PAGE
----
A schematic of this process is shown below in Figure 3, below . The results aredisplayed in the power analysis module in the energy/iteration chart. Adisplay also shows the number of iterations that have been analyzedwith respect to energy/iteration (Figure 2 earlier). Users can also usethe EEMBC setup to examine minimum and maximum power while thebenchmark is running, and the variance of the captured samples.
|Figure3. The EnergyBench process will tie typical energy with specificbenchmark, and more than that ” with specific workload of thatbenchmark.|
The EnergyBench specification indicates a device warm- up period ofat least 30 minutes and an ambient temperature of 70°F +/- 5°F.These baseline conditions are very important to ensure consistentresults. Furthermore, it has been demonstrated that the energyconsumption can increase dramatically as the device temperatureincreases.
The DAQ card allows, and the EnergyBench specification requires, allpower rails on the processor to be measured. EnergyBench's Test Harnessincludes executables for simultaneously measuring one, two, or threerails. With processors implemented with more than one power rail (i.e.core power and I/O power), there are two methods for calculating theenergy per iteration of the benchmark.
Using the first method, EnergyBench uses the DAQ card tosimultaneously measure up to three rails. However, using this methodand because all channels are sampled at the same rate, the samplingrate of the DAQ card may need to be decreased to match the hostmachine's ability to keep up with the sampling (too much data coming inat once). Alternatively, rails may be measured separately, with the sumof the average energies of each individual rail equaling the totalcumulative energy consumption.
Which method to use?
How does one determine which method to use? First of all, someprocessors have more than three power rails. Even if three rails werebeing measured simultaneously, this would still require some rails tobe measured separately, or use a DAQ card with more input channels.
In addition, the sampling rate should be relative to the processor'soperating frequency to allow sufficient sampling during each benchmarkiteration. To accommodate a multi-GHz processor, the sampling rate mayneed to be so high that the host PC can only keep up with one rail at atime.
To provide some insight on the methodology, we considered manyalternatives, such as specifying junction temperature for energymeasurements, using high frequency scopes and highly controlledenvironment.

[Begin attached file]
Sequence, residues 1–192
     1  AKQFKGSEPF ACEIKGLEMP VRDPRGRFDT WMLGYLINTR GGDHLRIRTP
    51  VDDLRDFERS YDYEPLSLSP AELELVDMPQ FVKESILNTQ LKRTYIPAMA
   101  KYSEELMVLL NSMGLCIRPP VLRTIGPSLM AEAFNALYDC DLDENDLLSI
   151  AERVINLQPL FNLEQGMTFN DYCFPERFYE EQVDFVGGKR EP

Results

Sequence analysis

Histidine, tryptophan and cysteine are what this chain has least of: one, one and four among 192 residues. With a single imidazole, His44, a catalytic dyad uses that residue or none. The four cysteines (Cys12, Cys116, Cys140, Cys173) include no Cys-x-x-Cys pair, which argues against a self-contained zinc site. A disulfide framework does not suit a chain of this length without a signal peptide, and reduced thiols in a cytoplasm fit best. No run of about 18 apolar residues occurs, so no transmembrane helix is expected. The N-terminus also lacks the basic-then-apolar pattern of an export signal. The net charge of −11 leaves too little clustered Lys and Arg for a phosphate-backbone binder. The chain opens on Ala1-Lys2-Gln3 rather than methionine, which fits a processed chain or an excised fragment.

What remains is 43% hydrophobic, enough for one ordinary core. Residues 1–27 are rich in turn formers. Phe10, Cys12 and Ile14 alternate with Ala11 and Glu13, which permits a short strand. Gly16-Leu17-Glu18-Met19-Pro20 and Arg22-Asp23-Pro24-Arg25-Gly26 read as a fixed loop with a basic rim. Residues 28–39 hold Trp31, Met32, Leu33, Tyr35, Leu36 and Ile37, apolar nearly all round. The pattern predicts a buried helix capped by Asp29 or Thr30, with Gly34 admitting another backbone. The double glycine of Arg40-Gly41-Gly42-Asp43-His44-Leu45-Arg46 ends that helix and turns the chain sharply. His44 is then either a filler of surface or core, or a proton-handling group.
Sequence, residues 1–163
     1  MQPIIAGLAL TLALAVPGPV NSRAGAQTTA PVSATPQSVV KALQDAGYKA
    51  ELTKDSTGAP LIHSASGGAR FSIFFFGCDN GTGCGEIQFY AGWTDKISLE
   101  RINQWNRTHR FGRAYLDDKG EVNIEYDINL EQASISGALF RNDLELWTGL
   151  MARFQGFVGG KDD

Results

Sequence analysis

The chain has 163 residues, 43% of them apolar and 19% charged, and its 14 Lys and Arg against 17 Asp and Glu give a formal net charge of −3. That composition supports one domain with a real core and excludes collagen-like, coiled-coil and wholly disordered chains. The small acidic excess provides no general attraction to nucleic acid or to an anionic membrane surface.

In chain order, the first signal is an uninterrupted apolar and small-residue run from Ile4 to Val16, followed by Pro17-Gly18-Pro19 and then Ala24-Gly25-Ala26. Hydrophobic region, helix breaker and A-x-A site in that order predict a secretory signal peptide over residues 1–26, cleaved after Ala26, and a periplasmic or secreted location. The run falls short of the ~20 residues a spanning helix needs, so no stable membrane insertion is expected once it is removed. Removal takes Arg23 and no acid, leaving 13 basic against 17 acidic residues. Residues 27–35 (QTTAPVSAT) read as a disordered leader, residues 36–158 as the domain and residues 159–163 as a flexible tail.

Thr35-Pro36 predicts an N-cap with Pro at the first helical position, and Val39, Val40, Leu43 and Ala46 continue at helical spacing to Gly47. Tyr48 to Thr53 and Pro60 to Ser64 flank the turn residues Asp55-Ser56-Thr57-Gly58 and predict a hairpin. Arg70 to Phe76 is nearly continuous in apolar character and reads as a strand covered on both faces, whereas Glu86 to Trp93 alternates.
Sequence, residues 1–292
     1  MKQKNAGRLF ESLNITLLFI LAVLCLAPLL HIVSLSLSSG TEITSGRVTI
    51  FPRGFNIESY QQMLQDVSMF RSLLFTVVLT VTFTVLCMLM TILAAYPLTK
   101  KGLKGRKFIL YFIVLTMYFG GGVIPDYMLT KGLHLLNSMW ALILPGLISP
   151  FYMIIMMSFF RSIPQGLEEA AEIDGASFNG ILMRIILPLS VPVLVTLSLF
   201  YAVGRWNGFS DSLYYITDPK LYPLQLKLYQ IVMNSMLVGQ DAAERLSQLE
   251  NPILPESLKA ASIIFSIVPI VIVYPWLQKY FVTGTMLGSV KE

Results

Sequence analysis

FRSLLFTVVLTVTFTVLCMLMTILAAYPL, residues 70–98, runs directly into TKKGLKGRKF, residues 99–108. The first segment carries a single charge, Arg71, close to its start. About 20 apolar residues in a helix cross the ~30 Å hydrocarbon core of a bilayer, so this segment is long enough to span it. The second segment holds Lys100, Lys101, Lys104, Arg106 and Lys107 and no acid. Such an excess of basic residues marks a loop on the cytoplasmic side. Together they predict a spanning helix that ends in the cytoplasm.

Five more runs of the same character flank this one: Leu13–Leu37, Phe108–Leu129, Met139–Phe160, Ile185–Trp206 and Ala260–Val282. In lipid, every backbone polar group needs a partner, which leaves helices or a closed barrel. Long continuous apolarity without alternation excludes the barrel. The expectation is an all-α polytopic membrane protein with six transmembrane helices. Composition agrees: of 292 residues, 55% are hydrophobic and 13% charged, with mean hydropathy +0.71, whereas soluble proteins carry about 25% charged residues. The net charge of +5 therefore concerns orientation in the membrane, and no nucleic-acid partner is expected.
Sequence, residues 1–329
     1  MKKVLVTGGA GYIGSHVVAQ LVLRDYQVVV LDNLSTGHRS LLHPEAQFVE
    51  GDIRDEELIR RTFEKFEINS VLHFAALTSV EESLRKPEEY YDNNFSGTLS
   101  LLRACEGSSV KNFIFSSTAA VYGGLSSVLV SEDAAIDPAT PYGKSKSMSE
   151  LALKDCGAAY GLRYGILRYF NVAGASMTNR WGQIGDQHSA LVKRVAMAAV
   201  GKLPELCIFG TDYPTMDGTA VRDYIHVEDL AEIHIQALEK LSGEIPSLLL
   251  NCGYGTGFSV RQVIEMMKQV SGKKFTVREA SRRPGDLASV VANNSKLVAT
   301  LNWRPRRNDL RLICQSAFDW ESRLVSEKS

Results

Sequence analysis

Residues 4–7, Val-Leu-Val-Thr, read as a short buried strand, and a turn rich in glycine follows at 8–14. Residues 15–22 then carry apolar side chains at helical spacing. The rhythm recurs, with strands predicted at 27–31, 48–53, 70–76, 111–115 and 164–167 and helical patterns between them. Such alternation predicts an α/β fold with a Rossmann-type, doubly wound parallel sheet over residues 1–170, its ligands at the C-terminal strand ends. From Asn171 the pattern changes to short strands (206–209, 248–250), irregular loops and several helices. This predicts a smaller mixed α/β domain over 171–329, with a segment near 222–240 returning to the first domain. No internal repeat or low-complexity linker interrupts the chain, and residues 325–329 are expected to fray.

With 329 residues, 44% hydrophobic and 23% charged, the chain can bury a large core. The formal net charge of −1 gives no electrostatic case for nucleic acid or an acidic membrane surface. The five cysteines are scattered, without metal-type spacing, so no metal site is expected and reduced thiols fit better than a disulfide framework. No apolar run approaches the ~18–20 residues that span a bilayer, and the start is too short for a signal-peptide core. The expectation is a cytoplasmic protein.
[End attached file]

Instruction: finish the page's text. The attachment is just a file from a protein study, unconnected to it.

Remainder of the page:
However, since we are not trying to characterize parts but truly tofind out typical energy consumption, we have decided on readilyavailable hardware and controlling the ambient temperature, rather thenjunction or case temperature.
Another issue was a process that needs to scale from 5 MHzmicrocontrollers to fastest processors that are in the market today.Being able to replicate the process at multiple sites to be able toindependently certify results was also a concern.
Using a programmable DAQ, we can easily specify parameters such assampling frequency, and yet retain all captured data in permanent form.In Figure 4 below , you canfind a sample of the code that operates behind the scenes to enable themethodology. This code was written in LABView, and continuously writescollected samples to a file, until a configurable signal is detected onthe trigger channel.
The code can optionally display all captured signals, and in fact ispart of the code driving the GUI at Figure1 earlier. All relevant parameters such as voltage levels,resistor values and sampling frequency can be configured. An optionalscope-like graphical display of captured signals shows current voltageand trigger channels. In particular, Figure1 shows the state of the GUI when this loop has detected atrigger signal, and is about to quit.
|Figure4. DAQ code for the sampling loop.|
To summarize, current figures of typical power do not rely on astandard process or a standard set or workloads. EnergyBench is asimple and flexible process that achieves the following goals:
1. A standard process formeasuring average energy consumption for a specific workload.
2. A standard set of embeddedworkloads to measure typical energy on.EnergyBench provides several tools that can be used in conjunction withreadily available and affordable hardware to measure typical energyconsumption, using the standard methodology developed by EEMBC.
Markus Levy is president and Shay Gal-On is Director of SoftwareEngineering at the Embedded Processor Benchmark Consortium ( EEMBC).